Voices reverberate between the stereo speakers, talking about dreams in a blurred, dreamlike style, merging and clashing in a kind of word-music that forms a eerie, appropriate background and a recurrent motif in "Sigmund Freud: A Portrait in Sound," the first program in an ambitious new series from National Public Radio. The series -- called "A Question of Place" -- begins with the Freud portrait at noon today on WETA-FM (11 a.m., Monday, Oct. 13, on WAMU-FM) and will continue for a dozen weeks with "sound portraits of 20th-century humanists."

Subjects will range from such artists as James Joyce, Bertolt Brecht and William Faulkner to such thinkers and activists as Noam Chomsky, Claude Levi-Strauss, W.E.B. DuBois, Michel Foucault, Simone de Beauvoir and Bertrand Russell. The treatment is an interesting blend of education and show business, with dramatic episodes frequently blending into narration and analysis of the subjects' work and many noteworthy performances by people not particularly associated with radio: Tennesee Williams portraying Faulkner; Theodore Bikel playing a many-faceted role as Stravinsky; Viveca Lindfors as Simone de Beauvoir; Robert Frost reading Robert Frost; and John Houseman as Bertrand Russell.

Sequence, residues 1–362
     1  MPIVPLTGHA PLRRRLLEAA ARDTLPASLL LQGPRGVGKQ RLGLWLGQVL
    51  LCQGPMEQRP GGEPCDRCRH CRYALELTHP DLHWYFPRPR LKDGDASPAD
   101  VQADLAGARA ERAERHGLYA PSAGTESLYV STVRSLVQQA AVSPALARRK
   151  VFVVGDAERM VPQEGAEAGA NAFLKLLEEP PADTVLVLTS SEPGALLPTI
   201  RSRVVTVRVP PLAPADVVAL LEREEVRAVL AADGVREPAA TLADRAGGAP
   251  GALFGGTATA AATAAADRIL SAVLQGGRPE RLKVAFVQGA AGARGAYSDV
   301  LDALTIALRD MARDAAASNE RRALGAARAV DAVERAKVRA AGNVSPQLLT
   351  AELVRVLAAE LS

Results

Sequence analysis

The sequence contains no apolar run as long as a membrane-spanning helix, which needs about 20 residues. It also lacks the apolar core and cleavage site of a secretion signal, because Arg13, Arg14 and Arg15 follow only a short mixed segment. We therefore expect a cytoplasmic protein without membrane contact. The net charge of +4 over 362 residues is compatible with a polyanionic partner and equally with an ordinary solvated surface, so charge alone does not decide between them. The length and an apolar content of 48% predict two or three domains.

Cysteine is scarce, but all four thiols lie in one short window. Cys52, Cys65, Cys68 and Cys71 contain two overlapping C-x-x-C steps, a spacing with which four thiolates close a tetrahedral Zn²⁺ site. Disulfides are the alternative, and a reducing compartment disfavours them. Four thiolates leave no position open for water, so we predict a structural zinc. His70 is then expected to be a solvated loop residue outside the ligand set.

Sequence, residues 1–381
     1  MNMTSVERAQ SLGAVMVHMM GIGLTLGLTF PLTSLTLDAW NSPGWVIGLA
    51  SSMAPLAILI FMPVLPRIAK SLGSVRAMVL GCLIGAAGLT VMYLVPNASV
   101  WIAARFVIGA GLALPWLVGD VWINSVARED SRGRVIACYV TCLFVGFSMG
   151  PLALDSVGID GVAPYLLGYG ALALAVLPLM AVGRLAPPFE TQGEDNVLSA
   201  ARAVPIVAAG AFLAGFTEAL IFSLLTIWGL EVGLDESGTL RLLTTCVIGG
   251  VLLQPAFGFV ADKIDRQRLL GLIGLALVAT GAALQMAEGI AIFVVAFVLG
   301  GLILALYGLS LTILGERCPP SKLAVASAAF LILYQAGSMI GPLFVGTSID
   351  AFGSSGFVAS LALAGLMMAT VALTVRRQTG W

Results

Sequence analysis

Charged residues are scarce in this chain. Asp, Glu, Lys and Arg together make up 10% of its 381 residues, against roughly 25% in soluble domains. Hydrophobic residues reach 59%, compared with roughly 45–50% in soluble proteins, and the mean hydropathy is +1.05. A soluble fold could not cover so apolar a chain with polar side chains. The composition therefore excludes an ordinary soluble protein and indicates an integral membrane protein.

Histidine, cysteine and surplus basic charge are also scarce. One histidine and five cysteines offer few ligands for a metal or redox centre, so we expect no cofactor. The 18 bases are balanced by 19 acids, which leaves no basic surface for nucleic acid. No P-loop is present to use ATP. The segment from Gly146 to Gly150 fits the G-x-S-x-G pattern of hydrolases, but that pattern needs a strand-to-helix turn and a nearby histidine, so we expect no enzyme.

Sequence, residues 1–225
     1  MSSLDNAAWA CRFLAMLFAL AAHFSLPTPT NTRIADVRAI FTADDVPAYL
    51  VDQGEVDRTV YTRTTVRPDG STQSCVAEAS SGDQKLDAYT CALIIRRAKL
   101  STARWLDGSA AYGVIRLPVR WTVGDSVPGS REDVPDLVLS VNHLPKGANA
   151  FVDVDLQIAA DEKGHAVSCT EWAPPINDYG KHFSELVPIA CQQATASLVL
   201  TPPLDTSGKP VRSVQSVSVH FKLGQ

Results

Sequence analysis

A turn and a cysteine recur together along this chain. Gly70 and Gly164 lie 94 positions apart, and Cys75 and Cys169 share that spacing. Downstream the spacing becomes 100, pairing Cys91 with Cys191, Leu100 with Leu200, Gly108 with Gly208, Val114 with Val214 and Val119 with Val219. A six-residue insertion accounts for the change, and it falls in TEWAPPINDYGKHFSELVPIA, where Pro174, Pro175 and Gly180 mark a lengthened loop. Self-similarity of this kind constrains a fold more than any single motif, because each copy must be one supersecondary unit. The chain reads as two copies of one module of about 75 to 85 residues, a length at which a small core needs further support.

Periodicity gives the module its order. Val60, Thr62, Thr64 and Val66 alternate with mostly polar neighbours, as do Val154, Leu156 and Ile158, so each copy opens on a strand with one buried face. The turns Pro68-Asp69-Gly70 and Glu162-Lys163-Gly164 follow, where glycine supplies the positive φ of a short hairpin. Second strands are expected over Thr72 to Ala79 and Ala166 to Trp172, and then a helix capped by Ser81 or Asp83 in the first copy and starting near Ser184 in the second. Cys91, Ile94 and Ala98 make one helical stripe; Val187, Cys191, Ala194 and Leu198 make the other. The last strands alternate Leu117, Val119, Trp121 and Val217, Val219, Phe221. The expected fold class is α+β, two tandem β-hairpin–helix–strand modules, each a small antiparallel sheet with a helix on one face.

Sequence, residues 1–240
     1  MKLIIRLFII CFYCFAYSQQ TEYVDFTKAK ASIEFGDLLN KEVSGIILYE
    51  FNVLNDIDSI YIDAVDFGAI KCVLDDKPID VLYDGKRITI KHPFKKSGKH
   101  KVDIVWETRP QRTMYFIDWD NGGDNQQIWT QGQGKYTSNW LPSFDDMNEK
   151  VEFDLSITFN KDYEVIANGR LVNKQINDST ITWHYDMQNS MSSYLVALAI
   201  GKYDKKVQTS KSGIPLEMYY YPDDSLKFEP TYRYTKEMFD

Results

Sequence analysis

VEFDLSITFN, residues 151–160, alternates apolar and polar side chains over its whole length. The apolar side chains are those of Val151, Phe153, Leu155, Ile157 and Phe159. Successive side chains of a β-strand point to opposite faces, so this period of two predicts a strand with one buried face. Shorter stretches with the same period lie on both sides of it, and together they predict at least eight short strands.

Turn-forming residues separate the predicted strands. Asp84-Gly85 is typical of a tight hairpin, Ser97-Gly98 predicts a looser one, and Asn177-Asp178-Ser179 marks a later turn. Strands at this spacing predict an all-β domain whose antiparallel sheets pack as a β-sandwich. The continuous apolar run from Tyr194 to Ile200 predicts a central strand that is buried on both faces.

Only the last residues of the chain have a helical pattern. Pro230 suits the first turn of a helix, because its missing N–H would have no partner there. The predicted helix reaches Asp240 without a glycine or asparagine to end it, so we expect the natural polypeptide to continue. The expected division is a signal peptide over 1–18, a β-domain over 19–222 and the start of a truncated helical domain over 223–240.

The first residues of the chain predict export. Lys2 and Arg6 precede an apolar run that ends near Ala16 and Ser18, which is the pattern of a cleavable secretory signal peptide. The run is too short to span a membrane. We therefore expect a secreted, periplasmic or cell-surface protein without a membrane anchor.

Possibly the best of many high points is the James Joyce profile (the second to be broadcast), written by critic Hugh Kenner (a genius at the popularization of abstruse literary subjects) and using Irish actors reading from Joyce's works. Also outstanding is the Brecht program, which blends readings from his works with a discussion of his life and ideas and reaches some kind of climax with a recording of his appearance before the House Un-American Activities Committee.

Compared to some of these, the Freud presentation seems slightly lacking in gliter. But it is solid, covers more of Freud's intricate theories than one would have thought possible for a general audience in a single radio show, and launches a series that will certainly include some classics in the history of broadcasting.